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If you buy a property with someone, whether it’s your partner or a friend, and contribute exactly the same amount towards the deposit, buying costs, mortgage and ongoing expenses you’ll probably want the proceeds to be split between you equally if you sell it.
But if you put in different amounts – for example, one of you pays more of the deposit than the other, or one of you will be paying more of the mortgage, you may want this to be reflected in how the proceeds are divided. And if a third party, such as a parent, has contributed money to help with the purchase they may want to be sure of getting their money back when the property is sold.
This is where a deed of trust – also known as a declaration of trust – comes in. It’s a legally binding document you draw up when you buy the property to record how much each party has paid and set out who will get what if the property is sold or what will happen if one person wants to buy the other out. This helps to avoid disagreements later.
There are two ways of jointly owning property – as joint tenants or tenants in common. If you are a couple you’ll probably want to go for joint tenants. This means you both own the whole property with no specific shares and if one of you dies the other person continues to own the whole property in their own right, regardless of how much each of you has contributed.
Alternatively, owning the property as tenants in common means you each own a share of the property and can leave your share to someone else in your will if you die – to children from a previous relationship for example. This is also likely to be the best form of joint ownership if you are buying with a friend or family member, such as a sibling.
If you have contributed different amounts towards the property, having a deed of trust in place ensures that you each receive the share of any sale proceeds that reflects this and that a fair price is paid if one of you buys out the other. It could also make things easier if you own the property with your partner and split up.
You need to be tenants in common to have a deed of trust. The document effectively changes the ownership of the property stated in the title deeds and should be registered at the Land Registry so that it’s publicly recorded and anyone buying the property can see what the situation is.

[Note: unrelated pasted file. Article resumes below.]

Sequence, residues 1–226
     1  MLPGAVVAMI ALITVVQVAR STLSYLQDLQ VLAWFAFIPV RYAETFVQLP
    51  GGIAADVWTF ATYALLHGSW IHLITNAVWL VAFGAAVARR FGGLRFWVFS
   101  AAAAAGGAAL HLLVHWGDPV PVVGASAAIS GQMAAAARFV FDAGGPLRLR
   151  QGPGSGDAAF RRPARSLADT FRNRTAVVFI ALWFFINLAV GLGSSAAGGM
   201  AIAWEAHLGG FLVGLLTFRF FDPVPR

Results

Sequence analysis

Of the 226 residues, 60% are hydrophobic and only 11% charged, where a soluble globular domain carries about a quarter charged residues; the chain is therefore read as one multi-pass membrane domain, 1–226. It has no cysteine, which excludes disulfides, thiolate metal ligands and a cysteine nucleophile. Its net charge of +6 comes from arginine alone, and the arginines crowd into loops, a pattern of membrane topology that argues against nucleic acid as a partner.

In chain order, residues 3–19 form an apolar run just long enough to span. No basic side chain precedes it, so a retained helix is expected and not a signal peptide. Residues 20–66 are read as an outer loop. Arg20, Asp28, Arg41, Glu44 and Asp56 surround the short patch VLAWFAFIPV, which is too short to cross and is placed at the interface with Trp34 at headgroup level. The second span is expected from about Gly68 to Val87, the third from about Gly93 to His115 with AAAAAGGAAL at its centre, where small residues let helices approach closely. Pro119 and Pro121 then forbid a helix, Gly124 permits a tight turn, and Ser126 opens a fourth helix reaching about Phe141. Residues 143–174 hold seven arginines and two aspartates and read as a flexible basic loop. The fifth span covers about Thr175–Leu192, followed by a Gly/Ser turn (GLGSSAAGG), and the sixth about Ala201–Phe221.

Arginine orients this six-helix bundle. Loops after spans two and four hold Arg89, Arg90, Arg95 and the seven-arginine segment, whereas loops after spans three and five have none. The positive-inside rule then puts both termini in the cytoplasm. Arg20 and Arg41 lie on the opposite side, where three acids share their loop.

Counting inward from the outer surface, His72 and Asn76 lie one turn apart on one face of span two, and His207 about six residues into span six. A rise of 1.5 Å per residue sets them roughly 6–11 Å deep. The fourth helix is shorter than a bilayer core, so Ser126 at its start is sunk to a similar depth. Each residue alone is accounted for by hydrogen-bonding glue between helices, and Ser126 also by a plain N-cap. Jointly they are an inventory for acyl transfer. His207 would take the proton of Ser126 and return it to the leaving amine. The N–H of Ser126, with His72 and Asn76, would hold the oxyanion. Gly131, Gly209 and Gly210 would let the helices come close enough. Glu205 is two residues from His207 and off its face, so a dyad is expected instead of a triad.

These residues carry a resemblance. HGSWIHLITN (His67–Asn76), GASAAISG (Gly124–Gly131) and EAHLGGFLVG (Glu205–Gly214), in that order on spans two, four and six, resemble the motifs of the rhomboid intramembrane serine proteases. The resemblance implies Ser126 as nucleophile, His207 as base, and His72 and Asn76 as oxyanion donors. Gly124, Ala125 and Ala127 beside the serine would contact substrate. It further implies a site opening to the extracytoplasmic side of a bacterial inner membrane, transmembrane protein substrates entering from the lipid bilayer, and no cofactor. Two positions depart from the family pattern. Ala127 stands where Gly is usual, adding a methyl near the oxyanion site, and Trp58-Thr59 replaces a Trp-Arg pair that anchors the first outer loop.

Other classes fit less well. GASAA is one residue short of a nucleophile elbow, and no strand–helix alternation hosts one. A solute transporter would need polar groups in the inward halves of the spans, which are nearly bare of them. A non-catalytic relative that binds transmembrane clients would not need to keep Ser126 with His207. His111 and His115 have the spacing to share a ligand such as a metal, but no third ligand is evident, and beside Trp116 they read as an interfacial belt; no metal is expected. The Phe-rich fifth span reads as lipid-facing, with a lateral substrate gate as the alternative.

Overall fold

It also means that someone who has contributed money towards the purchase but is not recorded as an owner on the deeds gets legal protection and is guaranteed to receive their fair share of the property’s value when it’s sold.
A deed of trust is useful for anyone buying a property with someone else where the parties have contributed unequal amounts as it means this can be legally recognised. For example, if you put in 60% of the deposit and your partner puts in 40%, you can make sure you get 60% of the sale price if you split up and have to sell it. Or you might decide to divide any increase in the value equally if you have been paying the mortgage 50/50.
It’s also a good idea to have one drawn one up in any situation where someone has an financial interest in the property but isn’t named as an owner on the deeds – for example, when a parent gives money to their child to help them buy the property and wants to make sure they get their money back. They may also want only their child to benefit from the money and not their partner, especially if they split up.
Another situation where a deed of trust is worth having is if you are living with your girlfriend or boyfriend in a property they own and making a financial contribution, as you have no automatic rights to the property if you’re not married or in a civil partnership and split up.
It’s best to employ a solicitor or licenced conveyancer to draw up a deed of trust for you to make sure it’s done properly and that you have considered everything you need to.
If you’re doing it at the same time as buying the property, which is the safest option as the relevant parties’ interests are never at risk, you can have it drawn up by the property lawyer you’re already using for an additional fee. However, you can have one drawn up by another firm later at a fairly low cost.
The solicitor/conveyancer will create the document and the joint owners will then sign it. Aspects to consider including are how much of the deposit each person is putting in, the percentage share each person owns, how the money will be shared between you if the property is sold, how much each person will pay towards the mortgage and who will pay for renovations and repairs.
You can even include who is allowed to live at the property, how any income from the property, such as rent if it’s a buy-to-let property, will be distributed and what the property can be used for.
If you might end up putting more money into the property in uneven amounts in the future you can draw up a ‘floating’ deed where each person’s share is calculated using a formula at the time of any sale based on your total contributions up to that point. This makes it less likely that the deed will become out of date.
Just remember that the information will become public once the deed of trust is registered at the Land Registry so you may want to record some things privately.
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